Democratic nominee Karl Dean and Republican nominee Bill Lee answered the question in separate conference call with Johnson City Press editors and reporters as early voting got underway in the race to succeed Bill Haslam as the state’s governor, following up on the debate the Press sponsored with the Kingsport Times News on Oct. 9.
The conversations included the lessons they’d learned along the campaign trail, including insights into their different approaches to the state’s health care dilemma, hospital solvency and extending insurance coverage to more Tennesseans.
And when asked to address their greatest failures and what they had learned from them, the two men candidly answered.
For Lee, the answer was his daughter’s attempt on her life 18 months after her mother and Lee’s first wife, Carol Ann, died after a horse-riding accident.
“As a parent, not seeing that coming ... in light of some of the red flags that presented themselves in the months prior to that incident and the way that I dealt with a teenager that I didn't understand was on the verge of crisis was the greatest failure I've had in my life, either as a parent and probably as a person, to not be able to empathetically understand just what it was and to listen to what she was trying to say to me.”
Lee’s daughter ultimately survived, but the experience obviously had a lasting impact on Lee and his outlook on life.
“What it has done for me, as I've done a lot of reflection in the 17 years since that happened and what it caused me to be, is a person who listens intently when someone is trying to tell me about something that I don't understand, whether it's a kid in the inner-city who lives a life I don't or regardless of who it is,” Lee said.
“If it's someone I want to understand, I've made a real effort in my life in the last many years, in part as a result of that failure to listen, to be a person who listens more intently and who really desires to understand those who understand things I don't.”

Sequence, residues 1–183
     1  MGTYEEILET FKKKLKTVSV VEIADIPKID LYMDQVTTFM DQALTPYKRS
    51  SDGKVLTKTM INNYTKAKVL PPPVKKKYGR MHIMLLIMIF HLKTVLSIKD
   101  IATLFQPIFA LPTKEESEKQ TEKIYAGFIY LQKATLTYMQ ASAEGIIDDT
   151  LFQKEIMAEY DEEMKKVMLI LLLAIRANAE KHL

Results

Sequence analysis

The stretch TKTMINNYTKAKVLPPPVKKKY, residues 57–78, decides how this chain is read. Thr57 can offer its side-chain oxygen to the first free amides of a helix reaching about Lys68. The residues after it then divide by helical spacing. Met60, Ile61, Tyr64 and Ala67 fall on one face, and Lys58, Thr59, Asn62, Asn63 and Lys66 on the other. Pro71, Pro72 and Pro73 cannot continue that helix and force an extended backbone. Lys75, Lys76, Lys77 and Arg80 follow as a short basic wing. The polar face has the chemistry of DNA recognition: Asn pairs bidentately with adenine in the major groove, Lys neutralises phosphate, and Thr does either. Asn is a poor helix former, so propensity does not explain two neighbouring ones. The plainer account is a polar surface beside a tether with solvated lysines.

When posed with the same question, Dean reminisced about his time serving as Nashville of mayor between 2007 and 2015.
“There are a variety of things I wanted to accomplish as mayor that I was not successful in doing. I don't know how you'd apportion the reasons for the lack of success, but some of it would certainly be charged to me,” Dean said.
“I always feel frustrated when I'm not able to accomplish something because I think somehow I missed something or didn't communicate adequately or didn't have the right approach.”
Specifically, Dean said the failure of his proposed $174 million transit plan for Nashville, called The Amp, was on the list of “failures.”
“I've clearly had things such as transit that I wanted to get done, with lots of opposition to it. It was hard, and really the state (was) working against us. But that, to me, was something the city really needed. It would have been good for the city, and we had the federal money lined up. Whether the failure was all mine or others too, I'd certainly list that as one,” Dean said.
“I learned a lot from that though, too. I'd say what I've learned from that is the states got to play a leadership role in transit. The state can't sit passively by or let special interest groups in the legislature drive the agenda.”
Early voting ends Nov. 1. Election Day is Nov. 6.